Lay Perceptions about Tuberculosis among Non-UK-Born Black Africans in the United Kingdom


Background: Tuberculosis among non-UK-born Black Africans has been gradually recognized as a public health problem in the UK despite the various interventions implemented. Objectives: To explore the perceptions of non-UK-born Black Africans about TB health risk; to explore the health seeking behavior of the non-UK-born Black Africans in relation to TB and to explore lay views on TB health education and screening as opportunities for health promotion. Methodology and Study Design: A qualitative methodology was used on a purposively selected sample of 12 non-UK-born Black Africans living in Leeds. Face-to-face interviews were conducted to explore the lay perceptions about TB. Thematic analysis was used to derive important themes in accordance to the study objectives. Ethical approval was provided by Leeds Metropolitan University. Setting: Community setting of non-UK-born Black Africans in Leeds, UK. Results: This population holds mixed views and perceptions about tuberculosis, few facilitators and many barriers existed to current TB prevention efforts. The barriers included: language barriers, barriers related to services and systems, immigration status and stigma despite the benefits involved. The potential for black African communities to readily increase the likelihood of behavior change was found as an important finding for this study. Conclusions: Tuberculosis is a preventable public health problem. Involvement of the non-UK-born black Africans communities in the TB prevention may be beneficial for reducing and tackling TB rates in this population. Such an approach is potentially inexpensive and more readily implementable than other suggested strategies such as changes to immigration policies.

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Asiimwe, C. , Cross, R. and Haberer, J. (2015) Lay Perceptions about Tuberculosis among Non-UK-Born Black Africans in the United Kingdom. Journal of Tuberculosis Research, 3, 161-170. doi: 10.4236/jtr.2015.34023.

Received 26 October 2015; accepted 15 December 2015; published 18 December 2015

1. Introduction

Globally, approximately two billion people are infected with tuberculosis (TB). 1.7 million people die each year and nine million people are newly diagnosed with TB annually [1] . Most cases occur in sub-Saharan Africa [1] where HIV infection, a major risk factor for TB is most prevalent [2] . The United Kingdom had the highest TB prevalence [3] and incidence rates in Western Europe at 15/100,000 populations with a 4.2 percent increase incidence in 2009. These figures translated to 9040 cases in that year, of which 5871 cases were non-UK-born [4] . The prevalence rate among the non-UK-born is 20-fold higher compared to those born in the UK at 88/100,000 populations versus 4/100,000 populations, respectively [4] . Among the non-UK-born, black Africans are among the ethnic minority groups with the largest proportion of TB cases in the UK at 1574 of 5871 (27%) of cases [4] . The high prevalence has been attributed to high TB rates in their host countries, HIV co-infection [2] , the migration patterns, [5] living and working conditions, and poverty in the UK [6] .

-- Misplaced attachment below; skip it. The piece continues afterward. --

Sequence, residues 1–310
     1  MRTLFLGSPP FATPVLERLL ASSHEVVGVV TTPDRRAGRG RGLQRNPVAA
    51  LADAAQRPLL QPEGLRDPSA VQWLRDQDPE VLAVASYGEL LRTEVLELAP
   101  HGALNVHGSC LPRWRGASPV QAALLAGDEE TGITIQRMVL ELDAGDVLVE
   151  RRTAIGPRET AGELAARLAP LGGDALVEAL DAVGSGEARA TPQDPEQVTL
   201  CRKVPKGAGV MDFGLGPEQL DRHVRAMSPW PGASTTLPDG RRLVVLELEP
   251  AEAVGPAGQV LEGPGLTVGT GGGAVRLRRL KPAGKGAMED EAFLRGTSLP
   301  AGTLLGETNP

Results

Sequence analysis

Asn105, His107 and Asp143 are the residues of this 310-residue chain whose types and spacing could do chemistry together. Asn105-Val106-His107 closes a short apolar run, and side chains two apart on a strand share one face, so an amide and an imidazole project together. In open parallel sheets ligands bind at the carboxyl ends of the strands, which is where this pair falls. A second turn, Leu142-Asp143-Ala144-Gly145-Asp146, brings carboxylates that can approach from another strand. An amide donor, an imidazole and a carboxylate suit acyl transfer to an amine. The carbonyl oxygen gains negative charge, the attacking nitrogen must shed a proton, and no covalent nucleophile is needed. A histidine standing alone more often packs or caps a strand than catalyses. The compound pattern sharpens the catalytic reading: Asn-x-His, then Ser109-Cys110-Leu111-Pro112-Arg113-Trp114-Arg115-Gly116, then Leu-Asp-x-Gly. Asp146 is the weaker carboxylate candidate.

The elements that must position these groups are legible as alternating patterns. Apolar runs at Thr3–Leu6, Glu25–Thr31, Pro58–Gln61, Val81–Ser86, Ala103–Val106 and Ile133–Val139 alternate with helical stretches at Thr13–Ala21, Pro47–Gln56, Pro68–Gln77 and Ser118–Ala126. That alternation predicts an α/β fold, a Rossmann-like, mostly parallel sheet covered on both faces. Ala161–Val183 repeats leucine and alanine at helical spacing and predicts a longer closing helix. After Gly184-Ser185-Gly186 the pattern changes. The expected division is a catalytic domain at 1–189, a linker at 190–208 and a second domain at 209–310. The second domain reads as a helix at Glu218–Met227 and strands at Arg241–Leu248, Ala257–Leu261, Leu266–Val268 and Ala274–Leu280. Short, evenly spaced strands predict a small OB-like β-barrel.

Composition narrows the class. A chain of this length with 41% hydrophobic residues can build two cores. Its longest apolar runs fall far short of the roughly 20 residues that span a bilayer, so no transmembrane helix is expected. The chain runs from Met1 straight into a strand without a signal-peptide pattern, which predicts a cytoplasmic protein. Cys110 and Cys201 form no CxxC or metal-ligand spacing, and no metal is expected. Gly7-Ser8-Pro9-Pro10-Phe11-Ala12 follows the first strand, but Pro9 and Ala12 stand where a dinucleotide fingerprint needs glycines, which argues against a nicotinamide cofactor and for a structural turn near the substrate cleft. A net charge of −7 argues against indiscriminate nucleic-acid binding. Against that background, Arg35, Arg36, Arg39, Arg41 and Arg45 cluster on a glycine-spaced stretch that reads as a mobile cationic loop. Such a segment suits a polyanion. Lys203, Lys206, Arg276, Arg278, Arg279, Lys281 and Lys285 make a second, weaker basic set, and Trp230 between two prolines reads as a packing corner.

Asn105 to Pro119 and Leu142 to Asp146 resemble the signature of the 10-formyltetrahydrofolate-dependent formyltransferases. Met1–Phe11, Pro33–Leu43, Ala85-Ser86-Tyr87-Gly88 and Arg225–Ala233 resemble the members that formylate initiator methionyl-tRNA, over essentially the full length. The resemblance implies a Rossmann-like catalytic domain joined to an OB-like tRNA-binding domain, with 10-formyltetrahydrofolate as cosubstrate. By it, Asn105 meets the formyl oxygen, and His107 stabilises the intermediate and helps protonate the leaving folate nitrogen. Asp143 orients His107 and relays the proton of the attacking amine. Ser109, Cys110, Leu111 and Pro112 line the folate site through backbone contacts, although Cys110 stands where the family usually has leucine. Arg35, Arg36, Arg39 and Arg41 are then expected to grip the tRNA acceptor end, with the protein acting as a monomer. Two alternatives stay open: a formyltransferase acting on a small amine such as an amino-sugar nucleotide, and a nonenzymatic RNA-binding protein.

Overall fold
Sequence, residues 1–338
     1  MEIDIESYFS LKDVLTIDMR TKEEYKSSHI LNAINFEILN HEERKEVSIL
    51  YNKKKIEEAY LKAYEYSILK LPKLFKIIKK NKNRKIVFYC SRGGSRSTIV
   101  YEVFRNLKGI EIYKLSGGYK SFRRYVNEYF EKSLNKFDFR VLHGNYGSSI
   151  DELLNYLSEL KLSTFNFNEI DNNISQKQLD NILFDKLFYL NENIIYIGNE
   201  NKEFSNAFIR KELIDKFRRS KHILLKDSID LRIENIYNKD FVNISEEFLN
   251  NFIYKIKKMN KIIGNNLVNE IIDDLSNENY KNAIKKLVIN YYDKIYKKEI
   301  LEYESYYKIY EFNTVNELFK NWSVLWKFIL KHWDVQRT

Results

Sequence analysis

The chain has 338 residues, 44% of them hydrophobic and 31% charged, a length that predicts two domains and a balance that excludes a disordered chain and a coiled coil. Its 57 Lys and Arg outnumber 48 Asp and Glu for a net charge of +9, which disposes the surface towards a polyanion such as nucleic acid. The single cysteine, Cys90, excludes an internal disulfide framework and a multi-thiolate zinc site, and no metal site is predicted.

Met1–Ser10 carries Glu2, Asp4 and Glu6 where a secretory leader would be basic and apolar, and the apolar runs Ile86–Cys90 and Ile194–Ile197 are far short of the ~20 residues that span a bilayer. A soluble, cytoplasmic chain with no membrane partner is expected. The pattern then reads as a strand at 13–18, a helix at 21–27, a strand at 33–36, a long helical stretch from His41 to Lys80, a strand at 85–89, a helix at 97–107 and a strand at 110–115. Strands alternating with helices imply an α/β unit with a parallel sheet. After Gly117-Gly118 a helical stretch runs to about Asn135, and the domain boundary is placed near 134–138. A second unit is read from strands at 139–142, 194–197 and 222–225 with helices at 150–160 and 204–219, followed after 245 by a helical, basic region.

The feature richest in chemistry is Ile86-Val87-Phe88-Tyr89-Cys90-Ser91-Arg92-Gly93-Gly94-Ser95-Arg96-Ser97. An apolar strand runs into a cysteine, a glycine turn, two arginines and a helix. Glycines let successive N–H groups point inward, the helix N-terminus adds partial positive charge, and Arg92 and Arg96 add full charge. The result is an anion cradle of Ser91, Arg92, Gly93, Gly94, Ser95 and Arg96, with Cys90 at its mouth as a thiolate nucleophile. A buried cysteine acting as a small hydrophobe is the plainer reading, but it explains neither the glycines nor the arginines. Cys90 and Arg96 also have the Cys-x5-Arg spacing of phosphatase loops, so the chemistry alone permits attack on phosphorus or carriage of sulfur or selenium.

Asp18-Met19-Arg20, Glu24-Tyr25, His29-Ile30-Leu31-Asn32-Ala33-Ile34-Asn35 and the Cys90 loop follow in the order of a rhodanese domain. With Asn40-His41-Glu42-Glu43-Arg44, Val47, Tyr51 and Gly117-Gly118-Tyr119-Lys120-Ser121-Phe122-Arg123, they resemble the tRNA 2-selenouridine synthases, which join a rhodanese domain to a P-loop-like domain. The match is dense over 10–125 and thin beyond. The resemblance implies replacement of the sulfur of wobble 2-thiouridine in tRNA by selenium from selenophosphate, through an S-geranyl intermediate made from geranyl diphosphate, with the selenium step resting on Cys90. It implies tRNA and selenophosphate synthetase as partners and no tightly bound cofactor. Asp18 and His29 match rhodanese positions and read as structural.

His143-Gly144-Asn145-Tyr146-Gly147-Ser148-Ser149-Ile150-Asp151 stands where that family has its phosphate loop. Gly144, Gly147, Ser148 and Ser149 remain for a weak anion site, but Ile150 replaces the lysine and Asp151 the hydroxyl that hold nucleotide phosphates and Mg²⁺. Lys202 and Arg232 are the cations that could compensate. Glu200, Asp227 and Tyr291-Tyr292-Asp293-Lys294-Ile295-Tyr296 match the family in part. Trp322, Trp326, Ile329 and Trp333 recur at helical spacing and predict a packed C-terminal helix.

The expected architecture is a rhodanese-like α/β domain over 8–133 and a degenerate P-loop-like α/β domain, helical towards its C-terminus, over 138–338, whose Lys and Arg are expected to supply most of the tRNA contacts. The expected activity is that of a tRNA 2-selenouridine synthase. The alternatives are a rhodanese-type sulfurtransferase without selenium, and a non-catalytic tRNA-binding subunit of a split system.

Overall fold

In general, health-seeking behaviors among black Africans are typically poor [7] [8] . Such behaviors may be due to a lack of information and appreciation of outcomes, which might be understood through the Health Belief Model (HBM; see Appendix Figure 1) [9] . According to the HBM, people are likely to change a given behavior or attitude if they consider the outcome of their actions as severe [10] . In the case of health promotion, people need to first acknowledge that a health risk applies to them before engaging in a protective behavior [11] . For example, people must consider the illness as serious and consider themselves as susceptible to the illness before they feel motivated to respond to health promotion interventions. People may then engage in interventions if they consider themselves capable to have protective behavior and if the behavior is associated with reduced health risk [12] . This belief then influences their decision to seek help and respond to health promotion interventions [13] .

A given belief, however, may not necessarily lead to performance of the health behavior based on different types of modifying factors, including demographics, socio-economic and availability of information [14] [15] . For instance, an individual may have a poor understanding of what could be done to support the preventive behavior. These modifying factors within the HBM may be important for predicting and explaining how they ultimately behave [16] and the likelihood of action depends on the individual’s analysis of the costs and benefits. Prior work has shown that economic benefits and social rewards often weigh more heavily than health gains [17] , and thus all of these factors warrant consideration.

To explore lack of TB health seeking behaviors among black Africans in the UK, we conducted in depth qualitative interviews of recent immigrants, eliciting their perceptions of TB health risk, benefits and barriers to seeking help, and TB health promotion opportunities.

2. Methods

2.1. Participants

Participants were non-UK-born black Africans aged >18 years living in Leeds, England for 1 - 5 years. Adults with no clinical symptoms of TB were included in this study to explore the participants’ perceptions about TB rather than experience with TB. However no tests were performed to confirm the lack of a TB diagnosis. All participants were able to speak English, as financial constraints did not allow for interpreter. Purposive sampling was used to identify study participants from the community. Specifically a community engagement officer who deals with African communities for HIV/AIDs prevention in Leeds was contacted for assistance to gain access and recruit the participants. He indentified four individuals at an African community gathering during a community health education session. Snowball sampling was then employed to identify additional participants. The study objectives were explained to each study participant and interviews scheduled.